pepsin


pep·sin

noun \ˈpep-sən\

Definition of PEPSIN

1
:  a protease of the stomach that breaks down most proteins to polypeptides
2
:  a preparation containing pepsin that is obtained from the stomach especially of the hog and is used especially as a digestive aid

Origin of PEPSIN

German, from Greek pepsis digestion, from pessein
First Known Use: circa 1844

pep·sin

noun \ˈpep-sən\   (Medical Dictionary)

Medical Definition of PEPSIN

1
: a crystallizable protease that in an acid medium digests most proteins to polypeptides (as by dissolving coagulated egg albumin or causing casein to precipitate from skim milk), that is secreted by glands in the mucous membrane of the stomach of higher animals, and that in combination with dilute hydrochloric acid is the chief active principle of gastric juice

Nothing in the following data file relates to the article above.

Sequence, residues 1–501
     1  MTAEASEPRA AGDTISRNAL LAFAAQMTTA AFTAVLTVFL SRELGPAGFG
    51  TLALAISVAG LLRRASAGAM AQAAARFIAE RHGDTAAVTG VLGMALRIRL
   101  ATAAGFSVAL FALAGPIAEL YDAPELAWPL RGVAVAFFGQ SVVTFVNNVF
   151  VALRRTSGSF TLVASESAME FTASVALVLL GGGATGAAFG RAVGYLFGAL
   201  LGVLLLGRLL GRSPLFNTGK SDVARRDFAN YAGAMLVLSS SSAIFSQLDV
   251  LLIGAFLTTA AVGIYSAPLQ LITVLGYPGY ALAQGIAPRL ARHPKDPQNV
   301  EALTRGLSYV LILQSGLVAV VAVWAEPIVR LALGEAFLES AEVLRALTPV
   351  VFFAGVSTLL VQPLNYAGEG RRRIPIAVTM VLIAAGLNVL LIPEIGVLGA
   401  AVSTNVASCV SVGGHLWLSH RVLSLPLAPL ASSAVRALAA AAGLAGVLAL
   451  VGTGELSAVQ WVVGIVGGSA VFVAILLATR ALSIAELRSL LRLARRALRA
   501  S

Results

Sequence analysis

2
: a preparation containing pepsin obtained as a powder or scales from the stomach especially of the hog and used especially as a digestant

pepsin

noun    (Concise Encyclopedia)

Powerful enzyme in gastric juice (see stomach) that partially digests proteins in food. Glands in the stomach lining make pepsinogen, a zymogen (enzyme precursor) converted to pepsin by the hydrochloric acid in gastric juice. Pepsin is active only in the acid environment of the stomach (pH 1.5–2.5 or less); it is ineffective in the intestine (pH 7, neutral). It is used commercially in some cheese making, in the leather industry to remove hair and residual tissue from hides, and in the recovery of silver from discarded photographic films by digesting the gelatin layer that holds the silver.

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